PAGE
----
Bawdy and Baroque: Cavalli's 'La Calisto' This early opera by Francesco Cavalli revolves around a transgendered tryst involving the king of the gods. Though it's mostly about lust, there's a little true love thrown in, in this production from the Theatre des Champs Elysees in Paris.
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Bawdy and Baroque: Cavalli's 'La Calisto'

Bawdy and Baroque: Cavalli's 'La Calisto'

Hear An Introduction To The Opera

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Though Diana (Marie-Claude Chappuis) has a reputation as a virgin goddess, she nevertheless falls for Endimione (Lawrence Zazzo), in La Calisto. Alvaro Yanez hide caption

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Alvaro Yanez

Though Diana (Marie-Claude Chappuis) has a reputation as a virgin goddess, she nevertheless falls for Endimione (Lawrence Zazzo), in La Calisto.

Alvaro Yanez

The Hit Single

In Act One, Calisto (soprano Sophie Karthäuser) thinks she has successfully rejected Jupiter's advances. In the defiant aria Non e maggior paciermi -- 'There's no greater pleasure' -- she sings that nothing is better than escaping the seduction of men.

'There's No Greater Pleasure'

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The B Side

While much of La Calisto celebrates pure lust, true love gets its due in the relationship between Diana and Endimione (mezzo-soprano Marie-Claude Chappuis and countertenor Lawrence Zazzo), as heard in the Act Three duet Dolcissimi baci -- 'Sweetest Kisses.'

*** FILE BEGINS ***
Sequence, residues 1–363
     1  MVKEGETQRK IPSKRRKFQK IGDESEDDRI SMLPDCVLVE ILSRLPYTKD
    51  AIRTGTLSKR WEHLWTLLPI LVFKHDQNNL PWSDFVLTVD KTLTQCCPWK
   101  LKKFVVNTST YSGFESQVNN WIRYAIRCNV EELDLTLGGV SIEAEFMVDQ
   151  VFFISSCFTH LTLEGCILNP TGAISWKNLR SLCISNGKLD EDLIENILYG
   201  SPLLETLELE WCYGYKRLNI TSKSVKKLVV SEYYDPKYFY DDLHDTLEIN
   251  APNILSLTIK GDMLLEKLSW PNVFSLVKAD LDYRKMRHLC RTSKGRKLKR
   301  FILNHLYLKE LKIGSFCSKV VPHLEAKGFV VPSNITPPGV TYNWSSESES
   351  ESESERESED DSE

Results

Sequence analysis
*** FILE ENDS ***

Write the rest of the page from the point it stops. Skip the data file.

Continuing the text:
'Sweetest Kisses'

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Francesco Cavalli reached the apex of his career in Venice, near the middle of the 17th century, and he did it by exploiting both sides of what could be described as the city's split musical personality.

At the time, Venice boasted one of the most vibrant musical communities in Europe. For decades, Venice's church of San Marco had employed a who's who of great composers, including Andrea and Giovanni Gabrieli, and Claudio Monteverdi, as well as Cavalli himself.

Cavalli spent decades at San Marco, starting as a boy soprano and later serving as both an organist and composer. His earliest known compositions were written for the church. And in 1668, when he finally got the job as maestro di cappella, San Marco's senior musician, he kept the position until his death eight years later.

But all the way back in 1639, just one day after his first appointment as an organist at San Marco, Cavalli also made his debut in an entirely different Venetian, musical arena, with the premiere of his first opera. And by that time, Venice's theaters were spawning a far different kind of music than the sacred works heard in its churches.

About three decades earlier, when Monteverdi composed what many consider the first great opera, Orfeo, opera was a strictly a courtly enterprise — commissioned for the private entertainment of wealthy aristocrats. By the time Cavalli ended his career, he had helped opera with its first great transformation — from private stages to public theaters, where it served as popular entertainment for a ticket-buying public that couldn't get enough of it.

Cavalli wrote about 30 operas in total, nearly all of them in Venice. They range from somber, mythological dramas, to bawdy, even raunchy comedies that can still seem a bit edgy even in today's theaters. La Calisto, composed in 1651, falls into the latter category. It wasn't among Cavalli's most popular operas during his lifetime, but by now its combination of brief, catchy musical numbers and an overtly sensuous story line has made it one of his most popular compositions.

On World of Opera, host Lisa Simeone brings us Cavalli's La Calisto in a performance from the Théâtre des Champs-Elysées, in Paris. The production features the acclaimed baroque ensemble Les Talens Lyriques, led by Christophe Rousset. The vocal stars are soprano Sophie Karthäuser as the nymph Calisto, with bass Giovanni B. Parodi as her all-too-aggressive suitor, the god Jupiter.

See the previous edition of World of Opera or the full archive.

The Story of 'La Calisto'